Highlights from Turbo Expo 2023: NETL Talks Federal Support for Net-Zero Emissions

Published on: 

Turbomachinery operators can prevent leakage at pressure stations and pneumatically operated valves along the length of the compressor by using leak- or loss-free technologies, says NETL.

As Turbo Expo 2024 in London, held June 24 – 28, nears, we’re revisiting insights from National Energy Technology Laboratory (NETL) from Turbo Expo 2023. Turbomachinery International spoke with Dr. Nate Weiland, senior fellow at NETL, at Turbo Expo 2023 in Boston about how the government supports turbomachinery operators in their journey to net zero, emphasizing reducing emissions leaks at pressure stations and beyond. Regulation supports lower-carbon hydrogen sourcing and production and has added hub programs to demonstrate carbon-capture technologies.

Q: What are some strategies that turbomachinery operators in the United States can implement to beat emissions?

Weiland: A topic of strong emphasis in the current administration is reducing natural gas emissions in infrastructure—how can you prevent leakage at pressure stations? How can you prevent leakage at pneumatically operated valves along the length of the compressor? There are technologies for loss- or leak-free valving and ways to improve compressors leakage at stations, and these are ways to reduce the carbon intensity of gas operations.


In the hydrogen space, Inflation Reduction Act tax incentives are based on the carbon intensity of the hydrogen produced. There are now incentives to source lower carbon-intensity natural gas that can be turned into blue hydrogen or clean hydrogen. There’s a lot of opportunity now to do waste-heat recovery on natural gas compressor stations. One of the areas we’ve been researching is adding supercritical CO2 power cycles to the back end of turbines that are driving compressors. sCO2 power cycles help to recover heat from compressor stations, and generated electricity can be used in multiple ways, such as input on the grid or powering electric-driven compressors.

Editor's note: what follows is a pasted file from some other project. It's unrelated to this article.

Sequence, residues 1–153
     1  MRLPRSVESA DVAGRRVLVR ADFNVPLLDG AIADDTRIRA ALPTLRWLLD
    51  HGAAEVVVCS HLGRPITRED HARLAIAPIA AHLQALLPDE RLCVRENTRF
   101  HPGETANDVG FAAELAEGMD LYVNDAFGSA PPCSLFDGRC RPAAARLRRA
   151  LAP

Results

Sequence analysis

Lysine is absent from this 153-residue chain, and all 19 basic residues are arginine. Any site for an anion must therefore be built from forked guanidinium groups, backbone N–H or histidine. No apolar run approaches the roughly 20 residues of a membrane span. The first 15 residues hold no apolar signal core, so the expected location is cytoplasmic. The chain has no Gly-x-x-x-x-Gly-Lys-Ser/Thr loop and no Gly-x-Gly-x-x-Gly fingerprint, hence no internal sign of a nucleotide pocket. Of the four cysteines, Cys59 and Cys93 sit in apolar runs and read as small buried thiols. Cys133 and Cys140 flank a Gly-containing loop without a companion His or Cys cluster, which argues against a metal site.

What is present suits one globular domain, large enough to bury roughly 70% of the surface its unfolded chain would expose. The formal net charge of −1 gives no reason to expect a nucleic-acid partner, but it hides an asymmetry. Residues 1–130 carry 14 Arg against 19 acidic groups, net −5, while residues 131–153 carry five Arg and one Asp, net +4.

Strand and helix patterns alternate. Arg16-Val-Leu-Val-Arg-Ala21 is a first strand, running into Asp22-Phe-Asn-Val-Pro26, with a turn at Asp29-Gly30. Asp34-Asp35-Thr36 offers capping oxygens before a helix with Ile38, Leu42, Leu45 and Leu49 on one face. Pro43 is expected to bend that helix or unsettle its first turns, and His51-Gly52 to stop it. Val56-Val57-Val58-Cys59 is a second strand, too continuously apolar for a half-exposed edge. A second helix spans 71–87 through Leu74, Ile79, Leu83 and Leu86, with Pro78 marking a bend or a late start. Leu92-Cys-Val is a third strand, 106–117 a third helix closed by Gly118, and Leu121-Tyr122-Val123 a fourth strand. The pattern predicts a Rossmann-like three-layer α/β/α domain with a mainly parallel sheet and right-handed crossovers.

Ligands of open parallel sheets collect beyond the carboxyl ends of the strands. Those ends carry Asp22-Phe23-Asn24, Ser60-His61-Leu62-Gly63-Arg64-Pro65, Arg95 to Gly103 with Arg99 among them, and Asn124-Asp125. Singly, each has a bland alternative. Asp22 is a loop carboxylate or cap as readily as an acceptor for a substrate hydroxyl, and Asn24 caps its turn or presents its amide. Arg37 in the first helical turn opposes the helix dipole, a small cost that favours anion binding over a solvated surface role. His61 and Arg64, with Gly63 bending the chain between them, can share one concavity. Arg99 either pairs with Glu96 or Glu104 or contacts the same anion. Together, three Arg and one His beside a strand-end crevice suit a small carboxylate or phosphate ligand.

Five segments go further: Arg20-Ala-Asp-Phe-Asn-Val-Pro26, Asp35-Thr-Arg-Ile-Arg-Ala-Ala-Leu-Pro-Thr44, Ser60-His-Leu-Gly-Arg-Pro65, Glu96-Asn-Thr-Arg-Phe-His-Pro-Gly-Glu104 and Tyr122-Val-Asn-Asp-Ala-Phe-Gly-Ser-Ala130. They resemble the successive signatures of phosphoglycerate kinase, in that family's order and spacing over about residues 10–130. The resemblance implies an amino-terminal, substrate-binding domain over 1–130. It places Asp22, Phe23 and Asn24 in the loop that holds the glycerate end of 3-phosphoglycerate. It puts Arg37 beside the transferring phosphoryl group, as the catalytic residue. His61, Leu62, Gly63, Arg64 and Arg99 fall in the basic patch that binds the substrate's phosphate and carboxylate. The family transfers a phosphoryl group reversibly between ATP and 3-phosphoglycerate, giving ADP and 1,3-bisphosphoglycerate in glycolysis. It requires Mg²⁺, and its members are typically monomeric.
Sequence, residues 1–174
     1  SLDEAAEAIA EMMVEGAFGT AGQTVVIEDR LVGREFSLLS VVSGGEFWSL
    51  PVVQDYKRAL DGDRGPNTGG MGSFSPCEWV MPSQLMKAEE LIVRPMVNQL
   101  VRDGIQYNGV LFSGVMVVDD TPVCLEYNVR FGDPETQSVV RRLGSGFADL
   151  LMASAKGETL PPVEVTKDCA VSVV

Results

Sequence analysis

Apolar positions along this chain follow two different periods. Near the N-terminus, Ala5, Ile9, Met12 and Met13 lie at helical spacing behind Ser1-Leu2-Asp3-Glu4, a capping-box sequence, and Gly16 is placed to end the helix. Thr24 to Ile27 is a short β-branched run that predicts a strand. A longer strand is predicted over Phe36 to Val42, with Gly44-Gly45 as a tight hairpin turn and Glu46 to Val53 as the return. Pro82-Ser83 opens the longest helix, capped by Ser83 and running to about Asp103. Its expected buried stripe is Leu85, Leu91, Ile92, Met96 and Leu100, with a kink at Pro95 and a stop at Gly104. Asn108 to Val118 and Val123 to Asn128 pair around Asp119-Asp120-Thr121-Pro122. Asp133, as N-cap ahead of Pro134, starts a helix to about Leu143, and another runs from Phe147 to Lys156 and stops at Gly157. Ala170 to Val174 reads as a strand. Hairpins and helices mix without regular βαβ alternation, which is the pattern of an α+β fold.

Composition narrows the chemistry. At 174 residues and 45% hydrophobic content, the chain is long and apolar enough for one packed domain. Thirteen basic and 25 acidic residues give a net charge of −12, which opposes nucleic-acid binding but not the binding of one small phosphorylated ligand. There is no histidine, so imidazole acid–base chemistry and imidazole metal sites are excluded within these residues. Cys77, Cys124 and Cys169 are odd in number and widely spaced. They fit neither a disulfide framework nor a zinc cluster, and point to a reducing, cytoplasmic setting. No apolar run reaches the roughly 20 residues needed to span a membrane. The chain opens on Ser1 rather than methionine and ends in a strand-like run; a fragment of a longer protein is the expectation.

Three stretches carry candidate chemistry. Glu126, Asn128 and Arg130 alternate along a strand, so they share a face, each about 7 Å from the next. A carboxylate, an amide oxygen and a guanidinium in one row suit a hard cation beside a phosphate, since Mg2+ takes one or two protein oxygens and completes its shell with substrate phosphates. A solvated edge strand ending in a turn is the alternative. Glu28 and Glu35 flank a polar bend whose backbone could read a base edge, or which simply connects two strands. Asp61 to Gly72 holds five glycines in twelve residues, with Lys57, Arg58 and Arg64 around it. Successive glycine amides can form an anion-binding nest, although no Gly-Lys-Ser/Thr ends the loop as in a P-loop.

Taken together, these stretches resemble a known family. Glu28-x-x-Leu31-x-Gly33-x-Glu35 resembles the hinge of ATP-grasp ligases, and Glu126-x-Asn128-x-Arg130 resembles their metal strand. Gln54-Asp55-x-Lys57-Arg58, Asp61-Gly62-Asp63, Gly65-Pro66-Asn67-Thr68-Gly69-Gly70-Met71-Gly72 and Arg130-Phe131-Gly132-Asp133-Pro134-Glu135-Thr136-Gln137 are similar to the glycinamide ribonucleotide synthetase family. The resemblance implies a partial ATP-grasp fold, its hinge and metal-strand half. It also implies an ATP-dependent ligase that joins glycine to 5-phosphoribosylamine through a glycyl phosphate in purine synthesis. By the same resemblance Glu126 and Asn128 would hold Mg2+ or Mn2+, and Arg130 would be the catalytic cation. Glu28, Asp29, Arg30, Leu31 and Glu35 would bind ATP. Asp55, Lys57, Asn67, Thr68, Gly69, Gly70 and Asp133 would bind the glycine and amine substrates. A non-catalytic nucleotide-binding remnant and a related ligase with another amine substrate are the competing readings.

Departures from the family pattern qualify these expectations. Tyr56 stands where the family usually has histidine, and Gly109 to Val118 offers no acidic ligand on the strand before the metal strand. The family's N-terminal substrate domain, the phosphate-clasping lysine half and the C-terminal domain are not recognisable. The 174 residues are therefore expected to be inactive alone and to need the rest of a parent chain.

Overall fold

Q: What trends are you seeing in carbon capture, utilization, and storage technologies in the United States?

Weiland: The technologies for carbon capture and storage (CCS) are becoming relatively mature, but things are now heading into the demonstration phase. The Bipartisan Infrastructure Law has a number of hub programs to demonstrate these CCS technologies. There are demonstrations for carbon capture on coal plants, natural gas plants, and industrial plants over the next 5 - 10 years. Also, there are Bipartisan Infrastructure Law programs for developing carbon infrastructure around those systems, such as CO2 gathering pipelines, CO2 injection wells, and monitoring and verifying carbon storage.

Likewise, hydrogen hubs are trying to produce low-cost, low-carbon-intensity hydrogen. This requires carbon capture on hydrogen production plants from natural gas. The Inflation Reduction Act also expanded the 45Q Tax Credit so that as you’re storing CO2 you can capture some tax benefits that greatly improve the economic viability of the plant. There is still some R&D work going on—new solvents, sorbents, and other ways of capture. Nowadays, R&D is shifting toward industries such as steel, cement, glass, and chemical manufacturing.